Clinical Review

Membrane sweeping and GBS: A litigious combination?

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Although it led to a defense verdict, a recent lawsuit suggests sweeping in a colonized patient can expose you to litigation



We’ve all done it. Stripping the membranes is an old, familiar method of separating the fetal membranes from the lower uterine segment, which is thought to trigger the local production of prostaglandins and hasten the start of contractions.1

Membrane stripping is a focus of controversy when it comes to the issue of group B streptococcus (GBS). This article looks at the literature on the subject and presents a recent legal case in which a woman colonized with GBS claimed membrane stripping was the proximate cause of her infant’s death. In the case, experts for the plaintiff testified that membrane sweeping in a women colonized with GBS is below the standard of care, despite evidence to the contrary. The case, which involved a 2-week jury trial, resulted in a defense verdict.

The legal case

A 22-year-old primigravida presented at just over 39 weeks’ gestation, reporting spontaneous rupture of membranes 1 hour earlier.

IUGR and Group B strep

Her antenatal course had been complicated by intrauterine growth restriction (IUGR), detected by ultrasound at 34 weeks’ gestation. Because of the IUGR, the fetus was being evaluated twice weekly with nonstress tests and amniotic fluid measurements. At 35 weeks, testing for GBS colonization was positive. At 37 weeks, the membranes were stripped to facilitate cervical ripening because of the diagnosed IUGR.

On admission, she was noted to be afebrile with stable vital signs. She was given antibiotics for the GBS and examined. The membranes were grossly ruptured, with clear fluid pooling in the vagina; the cervix was dilated 3 cm with 80% effacement; and the fetus was at –1 to –2 station.

Although the woman was noted to be contracting every 2 minutes, she was barely aware of the contractions. The fetal heart tracing was initially reassuring, with good variability and no decelerations. She was allowed to walk around for 30 minutes.

Sudden fetal bradycardia

Shortly after the patient was placed back on the fetal heart rate monitor, 52 minutes after her initial presentation and approximately 2 hours after rupture of membranes, a marked and sudden fetal bradycardia was noted.

Emergent cesarean section was performed with a low transverse incision. Eighteen minutes after the onset of the bradycardia, a male infant weighing 3,510 g was delivered, with Apgar scores of 0, 2, and 0, at 1, 5, and 10 minutes, respectively. The umbilical cord arterial pH was 6.97. Pediatricians tried to resuscitate the baby, but intubation revealed immediate return of bright red blood. Despite aggressive intervention, including CPR, respiratory support, antibiotics, and inotropic agents, the infant died at 1 hour of life.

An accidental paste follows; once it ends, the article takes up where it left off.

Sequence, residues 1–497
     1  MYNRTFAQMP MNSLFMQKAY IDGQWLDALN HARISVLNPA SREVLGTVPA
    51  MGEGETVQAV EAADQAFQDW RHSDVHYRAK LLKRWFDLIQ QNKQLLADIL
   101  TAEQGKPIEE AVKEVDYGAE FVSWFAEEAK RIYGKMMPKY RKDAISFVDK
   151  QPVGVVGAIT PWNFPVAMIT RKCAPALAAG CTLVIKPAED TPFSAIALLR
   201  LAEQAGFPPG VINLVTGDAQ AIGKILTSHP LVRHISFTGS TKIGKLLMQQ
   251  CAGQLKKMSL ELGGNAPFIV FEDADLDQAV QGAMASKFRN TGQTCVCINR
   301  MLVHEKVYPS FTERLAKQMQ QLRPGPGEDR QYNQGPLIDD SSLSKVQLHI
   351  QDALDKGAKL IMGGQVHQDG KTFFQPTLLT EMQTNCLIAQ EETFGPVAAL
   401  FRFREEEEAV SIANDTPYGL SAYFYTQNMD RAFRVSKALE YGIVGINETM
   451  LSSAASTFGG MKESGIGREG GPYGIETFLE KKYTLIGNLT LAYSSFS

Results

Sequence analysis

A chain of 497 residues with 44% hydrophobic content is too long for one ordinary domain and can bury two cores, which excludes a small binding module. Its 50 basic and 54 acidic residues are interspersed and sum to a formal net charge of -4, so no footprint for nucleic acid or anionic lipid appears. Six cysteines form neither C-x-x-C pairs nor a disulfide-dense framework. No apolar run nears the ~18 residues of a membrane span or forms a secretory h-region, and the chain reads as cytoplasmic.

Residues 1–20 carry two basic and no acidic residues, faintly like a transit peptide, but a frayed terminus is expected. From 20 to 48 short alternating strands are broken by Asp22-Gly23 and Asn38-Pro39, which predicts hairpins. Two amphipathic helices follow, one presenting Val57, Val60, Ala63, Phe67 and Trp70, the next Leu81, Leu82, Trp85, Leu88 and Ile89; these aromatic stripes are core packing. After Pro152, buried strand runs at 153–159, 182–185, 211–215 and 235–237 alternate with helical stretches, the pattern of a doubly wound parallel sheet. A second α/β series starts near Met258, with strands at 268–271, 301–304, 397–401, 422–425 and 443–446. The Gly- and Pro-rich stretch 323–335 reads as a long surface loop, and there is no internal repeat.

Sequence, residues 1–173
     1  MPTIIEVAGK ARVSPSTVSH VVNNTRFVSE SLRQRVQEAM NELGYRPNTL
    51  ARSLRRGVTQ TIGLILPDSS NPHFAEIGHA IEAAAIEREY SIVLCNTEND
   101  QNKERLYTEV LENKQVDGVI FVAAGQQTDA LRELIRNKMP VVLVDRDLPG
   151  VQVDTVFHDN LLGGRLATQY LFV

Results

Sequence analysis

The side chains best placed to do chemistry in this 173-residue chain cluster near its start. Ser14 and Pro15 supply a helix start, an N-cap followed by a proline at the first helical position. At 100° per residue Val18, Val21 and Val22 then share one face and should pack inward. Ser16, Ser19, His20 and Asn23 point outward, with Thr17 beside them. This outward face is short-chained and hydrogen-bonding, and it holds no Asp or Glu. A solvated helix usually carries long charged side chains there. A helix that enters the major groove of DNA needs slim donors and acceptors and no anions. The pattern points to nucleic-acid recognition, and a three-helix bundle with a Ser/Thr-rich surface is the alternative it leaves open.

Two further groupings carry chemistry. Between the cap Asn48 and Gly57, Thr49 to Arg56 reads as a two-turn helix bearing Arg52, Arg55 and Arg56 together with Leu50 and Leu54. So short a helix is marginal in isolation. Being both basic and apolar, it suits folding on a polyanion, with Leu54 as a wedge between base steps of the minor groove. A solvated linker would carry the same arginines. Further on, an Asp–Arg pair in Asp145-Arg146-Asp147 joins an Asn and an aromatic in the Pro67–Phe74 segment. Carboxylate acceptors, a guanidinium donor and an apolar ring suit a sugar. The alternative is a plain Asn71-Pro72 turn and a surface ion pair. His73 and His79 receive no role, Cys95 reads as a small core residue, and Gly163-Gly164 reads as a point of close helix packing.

Cause of death: GBS pneumonia

An autopsy revealed bilateral massive consolidation of the lungs due to hemorrhagic bronchopneumonia. Tissue and blood cultures of the spleen, lung, and placenta all grew GBS, as did umbilical cord blood cultures. The cause of death: respiratory failure due to overwhelming GBS pneumonia.

The mother’s postpartum course was complicated by a fever of 100.8°F on the second postoperative day, for which she was treated with intravenous ampicillin, gentamicin, and clindamycin. She was discharged home on the 4th postoperative day.

“Data insufficient” for or against

Many practitioners strip the membranes at term to keep patients from passing their due dates. When the membranes are stripped at 40 weeks’ gestation, two thirds of women enter spontaneous labor within 72 hours; without membrane stripping, only one third of women do.2 The strategy also decreases the chance that pregnancies will go past 42 weeks’ gestation.3

Even more important, studies have found membrane stripping to be safe.3-5 The risk of maternal and neonatal infections does not increase with the procedure, according to a Cochrane Review of 2,797 women in 22 different studies.5

The latest statement on the subject from the American College of Obstetricians and Gynecologists (ACOG) is a Committee Opinion published in December 2002—which came after the neonatal death in this case. It says the risks of membrane stripping in women colonized with GBS “have not been investigated in well-designed prospective studies. Therefore, data are insufficient to encourage or discourage this practice in women known to be GBS-colonized.”6

Expert testimony


The main witnesses for the plaintiff were a perinatologist and an obstetrician who specializes in infectious diseases. They opined that the infant’s death was caused by the membrane stripping, given that the mother was known to be colonized with GBS.

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